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I'm so sorry for your loss.
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Thank you all for your responses. With dementia they are gone in many ways for along time before they ever pass from us. I remember once when my mother was no longer vocal and I was driving her to my house for the holidays before she moved in with me, we were listening to Christmas music on the car radio and she shockingly started to sing along to Jingle Bells! What a gift that was, one I will always treasure. As hard as this ravaging disease is, wondering how you and your loved one will ever get through it, through to the end without a good outcome, one has to cherish those moments and times with the person who once was as the alternative without them is even sadder. God Bless you all and thank God there is this forum and people who care. Try and have a good holiday in anyway you celebrate.
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Work on new traditions, just don't try and recreate the holiday plan that used to include your loved one. If as a mother you always hosted christmas dinner this year have one of the kids do it. No one will expect you to be jolly so you can go to another room and sit quietly if the mood becomes too sad. If the Christmas gift giving is too stressful this year, just don't do it switch to gift cards or money or something like a gift basket if that is affordable. Lots of things will not be the same and holidays are very painful the first year till you can get beyond that. Just do what feels right for you even if it means staying in bed and crying all day. Someone i know who is alone goes to a movie on Christmas afternoon. It's probably too soon to volunteer the first year, that can come later. Blessings.
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I’m very sorry for your loss. I lost my mom 2 days before Thanksgiving last year. She also had dementia, so I guess I really had lost her years before. Everyone encouraged me to not have my family over for the Holidays, and I should have listened. I wasn’t much fun to be around, and didn’t even decorate the house.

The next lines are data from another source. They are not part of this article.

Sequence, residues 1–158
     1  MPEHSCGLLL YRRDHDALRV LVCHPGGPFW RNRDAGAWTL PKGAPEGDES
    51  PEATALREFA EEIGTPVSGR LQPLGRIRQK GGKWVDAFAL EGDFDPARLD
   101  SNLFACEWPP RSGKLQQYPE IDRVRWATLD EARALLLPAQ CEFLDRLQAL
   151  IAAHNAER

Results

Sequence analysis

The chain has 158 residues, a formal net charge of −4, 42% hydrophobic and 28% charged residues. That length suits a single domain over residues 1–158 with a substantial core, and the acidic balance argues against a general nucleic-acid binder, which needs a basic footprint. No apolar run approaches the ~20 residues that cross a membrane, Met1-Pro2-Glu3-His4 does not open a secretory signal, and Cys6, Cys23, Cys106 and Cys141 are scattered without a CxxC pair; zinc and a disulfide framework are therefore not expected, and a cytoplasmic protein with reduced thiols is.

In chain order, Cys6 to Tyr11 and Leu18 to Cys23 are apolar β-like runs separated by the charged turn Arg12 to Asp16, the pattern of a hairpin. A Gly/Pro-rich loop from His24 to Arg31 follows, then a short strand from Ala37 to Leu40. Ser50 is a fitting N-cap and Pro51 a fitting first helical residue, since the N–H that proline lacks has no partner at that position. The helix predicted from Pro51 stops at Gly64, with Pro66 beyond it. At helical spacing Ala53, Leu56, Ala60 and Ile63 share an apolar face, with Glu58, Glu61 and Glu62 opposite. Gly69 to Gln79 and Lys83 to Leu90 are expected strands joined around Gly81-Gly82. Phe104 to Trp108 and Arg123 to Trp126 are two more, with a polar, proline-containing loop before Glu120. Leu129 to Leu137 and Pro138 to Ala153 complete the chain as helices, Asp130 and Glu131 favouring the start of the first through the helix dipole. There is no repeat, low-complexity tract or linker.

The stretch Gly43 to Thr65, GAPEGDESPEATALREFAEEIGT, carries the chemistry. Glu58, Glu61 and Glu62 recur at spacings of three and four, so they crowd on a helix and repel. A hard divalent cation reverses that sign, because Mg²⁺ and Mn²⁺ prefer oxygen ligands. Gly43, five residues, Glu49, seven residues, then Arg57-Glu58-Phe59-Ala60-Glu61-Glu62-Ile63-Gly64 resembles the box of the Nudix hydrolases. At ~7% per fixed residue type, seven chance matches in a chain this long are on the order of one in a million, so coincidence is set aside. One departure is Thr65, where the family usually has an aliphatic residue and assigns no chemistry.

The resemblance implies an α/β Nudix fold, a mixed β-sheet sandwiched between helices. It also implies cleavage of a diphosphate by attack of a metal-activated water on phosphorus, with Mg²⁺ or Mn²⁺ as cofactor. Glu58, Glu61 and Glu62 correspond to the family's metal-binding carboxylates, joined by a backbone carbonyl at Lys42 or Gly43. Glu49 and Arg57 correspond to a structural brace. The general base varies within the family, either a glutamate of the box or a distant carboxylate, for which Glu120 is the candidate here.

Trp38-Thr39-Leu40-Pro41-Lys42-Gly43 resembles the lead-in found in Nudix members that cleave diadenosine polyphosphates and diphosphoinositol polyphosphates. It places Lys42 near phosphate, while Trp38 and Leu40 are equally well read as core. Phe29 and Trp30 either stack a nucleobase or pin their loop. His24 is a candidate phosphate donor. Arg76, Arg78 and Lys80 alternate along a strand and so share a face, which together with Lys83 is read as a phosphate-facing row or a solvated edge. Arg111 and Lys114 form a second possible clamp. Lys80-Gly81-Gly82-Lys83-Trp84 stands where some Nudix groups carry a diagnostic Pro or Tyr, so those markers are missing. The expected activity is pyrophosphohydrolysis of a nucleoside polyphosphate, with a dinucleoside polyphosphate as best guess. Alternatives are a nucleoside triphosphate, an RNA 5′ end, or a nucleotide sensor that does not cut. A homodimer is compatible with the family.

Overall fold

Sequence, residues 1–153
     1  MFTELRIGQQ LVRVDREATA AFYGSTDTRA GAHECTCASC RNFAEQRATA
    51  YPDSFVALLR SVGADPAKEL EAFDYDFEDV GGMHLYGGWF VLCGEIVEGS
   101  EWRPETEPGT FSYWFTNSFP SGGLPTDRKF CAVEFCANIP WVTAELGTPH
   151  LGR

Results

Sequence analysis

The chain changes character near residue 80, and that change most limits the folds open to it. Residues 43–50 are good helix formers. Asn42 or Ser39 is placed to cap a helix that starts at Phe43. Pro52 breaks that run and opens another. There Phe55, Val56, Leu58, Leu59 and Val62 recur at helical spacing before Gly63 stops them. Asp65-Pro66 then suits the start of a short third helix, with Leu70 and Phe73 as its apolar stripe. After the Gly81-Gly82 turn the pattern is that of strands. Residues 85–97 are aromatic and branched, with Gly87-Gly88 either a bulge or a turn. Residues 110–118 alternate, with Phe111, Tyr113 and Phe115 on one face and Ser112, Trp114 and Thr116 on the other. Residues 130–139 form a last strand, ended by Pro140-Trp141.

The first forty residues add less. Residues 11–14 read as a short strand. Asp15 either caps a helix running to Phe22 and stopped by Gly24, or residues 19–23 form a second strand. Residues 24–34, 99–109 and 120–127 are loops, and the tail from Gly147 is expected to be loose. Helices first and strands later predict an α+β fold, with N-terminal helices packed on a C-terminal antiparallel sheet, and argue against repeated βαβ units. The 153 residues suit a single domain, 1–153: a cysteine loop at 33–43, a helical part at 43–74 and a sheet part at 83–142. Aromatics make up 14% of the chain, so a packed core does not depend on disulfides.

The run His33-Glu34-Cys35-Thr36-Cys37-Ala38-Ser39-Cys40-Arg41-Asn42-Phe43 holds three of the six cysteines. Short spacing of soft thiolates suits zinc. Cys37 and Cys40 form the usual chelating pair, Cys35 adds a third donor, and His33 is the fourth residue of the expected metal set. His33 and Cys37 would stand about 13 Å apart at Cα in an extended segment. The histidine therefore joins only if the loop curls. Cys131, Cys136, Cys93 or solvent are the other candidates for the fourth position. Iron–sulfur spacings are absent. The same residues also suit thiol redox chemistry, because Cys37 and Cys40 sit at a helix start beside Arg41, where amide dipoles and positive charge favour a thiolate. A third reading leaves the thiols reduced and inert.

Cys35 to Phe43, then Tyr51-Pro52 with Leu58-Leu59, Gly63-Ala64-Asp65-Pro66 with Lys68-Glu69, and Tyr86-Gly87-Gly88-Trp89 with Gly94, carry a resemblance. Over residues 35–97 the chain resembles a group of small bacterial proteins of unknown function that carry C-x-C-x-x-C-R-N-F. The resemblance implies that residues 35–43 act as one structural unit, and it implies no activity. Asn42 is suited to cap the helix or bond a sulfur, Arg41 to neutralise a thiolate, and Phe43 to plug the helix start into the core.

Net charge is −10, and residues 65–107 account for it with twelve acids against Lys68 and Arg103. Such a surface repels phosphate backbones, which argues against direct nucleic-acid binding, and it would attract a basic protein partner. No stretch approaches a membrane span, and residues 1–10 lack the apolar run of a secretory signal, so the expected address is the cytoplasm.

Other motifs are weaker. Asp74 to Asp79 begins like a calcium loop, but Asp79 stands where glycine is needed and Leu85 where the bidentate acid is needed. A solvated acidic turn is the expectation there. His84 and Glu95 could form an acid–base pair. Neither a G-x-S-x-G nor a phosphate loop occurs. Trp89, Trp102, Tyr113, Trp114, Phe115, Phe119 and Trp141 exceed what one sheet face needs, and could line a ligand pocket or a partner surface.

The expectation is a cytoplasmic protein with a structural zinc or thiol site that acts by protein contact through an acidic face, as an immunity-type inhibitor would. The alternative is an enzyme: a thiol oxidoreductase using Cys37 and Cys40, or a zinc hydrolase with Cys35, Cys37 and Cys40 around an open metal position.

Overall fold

I would have to say, don’t pretend everything is ok when it’s not. Don’t engage in parties or celebrations if you don’t want to. Take time for yourself and for quiet reflections. Holidays are stressful for everyone.
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I’m so sorry for you. I know it’s got to be hard. How about going to listen to a couple of local Christmas concerts by yourself or with another single friend when you can. Drive around & enjoy the lights. Go to dinner with a friend. I’m in a similar situation - my husband is in the latest stages of Alzheimer’s & I don’t feel right celebrating without him. It feels like he’s gone. On Christmas I plan to visit my husband for awhile & then come home & watch a movie or something. I hope after my husband is no longer here I’ll be able to feel like going out & joining in a little more but I know it will take time to be happy again. I miss him terribly after being married for 40 years.
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I'm sorry for the loss of your loved one. I think the "first" of anything without them is beyond difficult. I'm struggling a bit with this myself. I suggest doing something you enjoy, whatever it is would be a good place to start. It can be small like staying in and renting movies all day with a big bowl of popcorn or volunteering or travelling to a city you like or have always wanted to visit. Above all, be kind to yourself and don't put too many expectations on what the day "should" involve. Just let things be and enjoy where you are and don't let the expectations of others drive your choice. Bless you.
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